Etymology of My Gods

That word for god — the breath, the gleaming — the shining days like great columns bearing up the sky, buttresses, rafters. Beams that in their falling, hold.

I say the names of my deities, I feel the drop of each sound into silence. They gather on the long, bent grasses in the meadow and the field, *dewos-, the many that glisten in the coming dark. Amulets of sky, jewels of the daylight, coalescing in the movement of my breath, the lingering touch of the wind. They draw themselves, wavering, into the weight and gravity of form.

I open the door, and the gods enter the dark interior of my being. The gust, the call, tracing themselves in the dust of the rafters, the shift that shivers down in drifts of gentle gray and grit, mingling particulates stirring in every corner of the sunlight. What is so small and intimate and strange — numen, spirare — the dancing footsteps of spirit in the air, the vital stir of fear, the silent thrill, calling me to courage in the deep spaces of my birth and dying, the liminal between. I am on the threshold, pouring out my breath in quick libations. I am pouring out my soul-song to mingle on the doorsill with the soft noise of their presence.

And She is rising up again, and rising up, she is the exalted queen and lady of all that rises up — the purifying fire and the wellspring of healing waters, the bright, clean sun at daybreak, the serpent stirring in the mound, all thoughts of justice and beautiful compassion aching towards the perfect, the spark and steam of smithcraft in the forge. She rises up, drawing gravity along in ecstatic going-out to meet the inspired act of making, dragging the anchor of my mind into the light and breath of Spirit. The gulf of the sky widens from heaven to horizon, an archway of blue and exhalation, and I am beneath it and within it, I am spiraling and lifted, small and intimate and strange.

And He is circling and moving, a realm and waste that gives his name and takes it back again — the ebb and flow along the shoreline, the horizon and the deep, the mist, the movement of the winds and storm, the heron gliding on long, still wings through the midnight of the newborn sun. He turns his murmuring immensity to touch my listening, gentle and insistent. He wears away the boundaries of my skin, seeping in to claim me for the flux of Spirit, moving in me with the rhythm of my heartbeat, and I am surrounded and within it, I am spiraling and sailing on the mingling waters on the threshold of my being.

And She is resting in fecundity and promise, the mother of all our naming — she is wealth and self-giving, the firm body of our dancing, the bristling flowers of spring and the high harvest of the fall, the rolling curve of the lands always unfurling, the dark cavern of our tombs grown over with pale, delicate lashes of green. She names the earth and world, the sounds of her children coalescing on her lips like drops of dew, all eddies in the mud and rocks and bones and growing things. All verdant and gold, she stirs in me every corner of Spirit with the weight of praise and gravidity, she makes my heavy form and holds it close, and I am made and move within it, I am spiraling and born in the darkness of my body.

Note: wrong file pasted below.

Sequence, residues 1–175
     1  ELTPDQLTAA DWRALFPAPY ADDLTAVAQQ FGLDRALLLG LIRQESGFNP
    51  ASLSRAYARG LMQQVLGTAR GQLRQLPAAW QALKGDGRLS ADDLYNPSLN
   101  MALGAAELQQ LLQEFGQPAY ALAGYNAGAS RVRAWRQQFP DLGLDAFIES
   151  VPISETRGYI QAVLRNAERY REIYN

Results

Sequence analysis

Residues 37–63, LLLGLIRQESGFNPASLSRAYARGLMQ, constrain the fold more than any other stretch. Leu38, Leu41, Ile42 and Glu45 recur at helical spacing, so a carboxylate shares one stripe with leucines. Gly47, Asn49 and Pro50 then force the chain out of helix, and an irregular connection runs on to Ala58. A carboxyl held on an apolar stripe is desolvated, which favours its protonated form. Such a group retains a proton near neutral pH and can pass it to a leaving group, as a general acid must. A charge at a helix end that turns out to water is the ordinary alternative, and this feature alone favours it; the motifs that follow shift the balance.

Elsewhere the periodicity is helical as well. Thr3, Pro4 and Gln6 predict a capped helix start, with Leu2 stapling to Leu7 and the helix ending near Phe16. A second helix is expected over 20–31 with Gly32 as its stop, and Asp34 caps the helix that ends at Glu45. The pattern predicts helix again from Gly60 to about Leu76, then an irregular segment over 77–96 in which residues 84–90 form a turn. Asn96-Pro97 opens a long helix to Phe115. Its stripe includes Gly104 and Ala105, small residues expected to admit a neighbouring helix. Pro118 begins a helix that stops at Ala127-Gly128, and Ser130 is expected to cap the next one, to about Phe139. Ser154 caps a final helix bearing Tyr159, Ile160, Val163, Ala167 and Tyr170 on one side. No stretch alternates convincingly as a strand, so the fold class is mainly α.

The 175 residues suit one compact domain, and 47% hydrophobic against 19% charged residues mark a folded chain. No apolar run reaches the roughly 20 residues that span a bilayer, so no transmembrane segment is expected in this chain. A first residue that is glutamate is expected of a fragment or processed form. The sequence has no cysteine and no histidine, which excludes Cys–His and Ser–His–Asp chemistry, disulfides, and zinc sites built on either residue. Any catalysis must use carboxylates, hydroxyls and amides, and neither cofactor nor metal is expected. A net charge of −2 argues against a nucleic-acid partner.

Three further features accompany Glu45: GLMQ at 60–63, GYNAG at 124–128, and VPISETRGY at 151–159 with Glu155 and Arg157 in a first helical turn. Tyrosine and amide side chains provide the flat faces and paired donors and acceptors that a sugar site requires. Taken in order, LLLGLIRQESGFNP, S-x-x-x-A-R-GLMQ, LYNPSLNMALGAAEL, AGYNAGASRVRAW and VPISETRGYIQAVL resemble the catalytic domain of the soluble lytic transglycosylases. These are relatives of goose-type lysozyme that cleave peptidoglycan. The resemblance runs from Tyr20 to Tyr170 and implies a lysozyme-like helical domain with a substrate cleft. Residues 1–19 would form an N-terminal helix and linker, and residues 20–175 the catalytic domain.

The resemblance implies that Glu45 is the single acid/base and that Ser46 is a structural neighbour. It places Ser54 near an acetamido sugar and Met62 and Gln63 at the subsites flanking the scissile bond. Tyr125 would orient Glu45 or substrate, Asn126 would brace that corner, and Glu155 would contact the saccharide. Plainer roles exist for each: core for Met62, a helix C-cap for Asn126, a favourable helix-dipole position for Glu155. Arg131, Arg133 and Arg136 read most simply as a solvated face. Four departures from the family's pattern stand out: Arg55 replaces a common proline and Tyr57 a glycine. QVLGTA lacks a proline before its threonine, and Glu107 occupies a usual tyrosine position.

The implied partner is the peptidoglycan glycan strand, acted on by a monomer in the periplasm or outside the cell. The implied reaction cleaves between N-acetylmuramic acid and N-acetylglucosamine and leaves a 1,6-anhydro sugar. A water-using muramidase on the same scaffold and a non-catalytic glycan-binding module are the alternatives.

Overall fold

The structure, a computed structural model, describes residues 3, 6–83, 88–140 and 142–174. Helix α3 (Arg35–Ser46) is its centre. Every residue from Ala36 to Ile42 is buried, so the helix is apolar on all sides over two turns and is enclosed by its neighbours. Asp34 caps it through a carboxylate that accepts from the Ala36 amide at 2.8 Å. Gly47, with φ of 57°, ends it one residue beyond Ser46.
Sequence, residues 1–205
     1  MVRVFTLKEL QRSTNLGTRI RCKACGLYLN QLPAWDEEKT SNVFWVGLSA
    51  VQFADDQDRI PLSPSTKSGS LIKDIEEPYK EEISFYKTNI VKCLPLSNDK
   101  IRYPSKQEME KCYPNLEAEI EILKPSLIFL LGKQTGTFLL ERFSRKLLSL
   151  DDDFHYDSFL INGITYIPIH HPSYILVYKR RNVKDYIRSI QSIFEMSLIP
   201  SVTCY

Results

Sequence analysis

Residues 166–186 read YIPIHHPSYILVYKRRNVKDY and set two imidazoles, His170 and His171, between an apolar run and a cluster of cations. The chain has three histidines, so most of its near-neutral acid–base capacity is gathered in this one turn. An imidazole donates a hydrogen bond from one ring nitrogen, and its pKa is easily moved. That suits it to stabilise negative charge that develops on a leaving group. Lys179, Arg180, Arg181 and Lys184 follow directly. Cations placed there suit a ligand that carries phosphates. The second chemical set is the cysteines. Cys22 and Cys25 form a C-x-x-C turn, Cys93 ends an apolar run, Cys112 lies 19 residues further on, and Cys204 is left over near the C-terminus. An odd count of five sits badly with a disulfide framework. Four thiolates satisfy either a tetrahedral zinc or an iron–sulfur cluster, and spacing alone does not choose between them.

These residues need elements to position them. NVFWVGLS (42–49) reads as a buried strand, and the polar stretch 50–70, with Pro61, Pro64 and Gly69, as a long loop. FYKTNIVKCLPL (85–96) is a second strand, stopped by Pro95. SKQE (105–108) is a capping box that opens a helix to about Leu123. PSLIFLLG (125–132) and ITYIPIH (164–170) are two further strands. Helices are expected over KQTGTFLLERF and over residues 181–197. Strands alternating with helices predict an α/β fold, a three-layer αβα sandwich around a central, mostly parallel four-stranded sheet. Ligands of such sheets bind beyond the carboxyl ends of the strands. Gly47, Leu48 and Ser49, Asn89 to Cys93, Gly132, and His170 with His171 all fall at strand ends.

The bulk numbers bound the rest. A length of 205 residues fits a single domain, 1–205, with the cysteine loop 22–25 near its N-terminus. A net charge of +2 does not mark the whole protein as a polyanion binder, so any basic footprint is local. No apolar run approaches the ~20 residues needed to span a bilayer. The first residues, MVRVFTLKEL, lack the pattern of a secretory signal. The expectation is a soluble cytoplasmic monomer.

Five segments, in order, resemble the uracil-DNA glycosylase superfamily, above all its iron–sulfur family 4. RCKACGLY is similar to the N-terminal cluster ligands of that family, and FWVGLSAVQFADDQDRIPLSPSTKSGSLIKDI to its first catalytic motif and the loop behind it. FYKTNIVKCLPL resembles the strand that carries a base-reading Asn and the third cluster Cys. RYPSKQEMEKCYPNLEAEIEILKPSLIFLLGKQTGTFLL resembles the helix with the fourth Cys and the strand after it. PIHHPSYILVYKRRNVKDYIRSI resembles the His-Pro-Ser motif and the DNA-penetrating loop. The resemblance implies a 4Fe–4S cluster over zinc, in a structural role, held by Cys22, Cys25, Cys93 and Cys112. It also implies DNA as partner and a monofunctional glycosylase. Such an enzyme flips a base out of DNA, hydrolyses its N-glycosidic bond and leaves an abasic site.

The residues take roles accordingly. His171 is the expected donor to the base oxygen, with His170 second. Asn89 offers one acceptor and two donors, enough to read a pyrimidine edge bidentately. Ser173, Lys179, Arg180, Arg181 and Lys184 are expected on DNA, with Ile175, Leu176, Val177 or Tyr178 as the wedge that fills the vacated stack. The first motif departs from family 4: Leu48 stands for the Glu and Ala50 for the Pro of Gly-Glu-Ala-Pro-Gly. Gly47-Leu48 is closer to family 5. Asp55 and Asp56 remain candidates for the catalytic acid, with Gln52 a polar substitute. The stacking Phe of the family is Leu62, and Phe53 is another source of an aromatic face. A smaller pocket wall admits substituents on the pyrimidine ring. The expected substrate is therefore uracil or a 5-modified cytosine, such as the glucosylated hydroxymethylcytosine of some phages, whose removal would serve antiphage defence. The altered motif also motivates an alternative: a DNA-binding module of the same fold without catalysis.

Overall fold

I open the door, and the gods enter. The gods enter with their whispering and multiplicity, each one an opening into Spirit, a shining, an embrace. I settle down into my work like someone opening a window, and the breeze comes winding, finding its way into the center of my grasping and obscurity. A breeze that smells of sunlight and summer days across the field, a breeze that languishes heavy with dew in the gloom of the new morning, a breeze that sings the world’s together-song into the waiting silence. I do the work, I pour libations, I pray and wait and let the Spirit come when it will.

The door is like an eye. It grows wide and hungry in the dark.

Alison Leigh Lilly
Alison Leigh Lilly nurtures the earth-rooted, sea-soaked, mist-and-mystic spiritual heritage of her Celtic ancestors, exploring themes of peace, poesis and wilderness through essays, articles, poetry and podcasting. You can learn more about her work here.

0 Comments

Trackbacks/Pingbacks

  1. Gods Like Mountains, Gods Like Mist | Alison Leigh Lilly - […] Wildermuth makes the mistake of labeling me a humanistic/non-theistic Pagan, despite my many, many, many, many writings about my…

Submit a Comment

Your email address will not be published. Required fields are marked *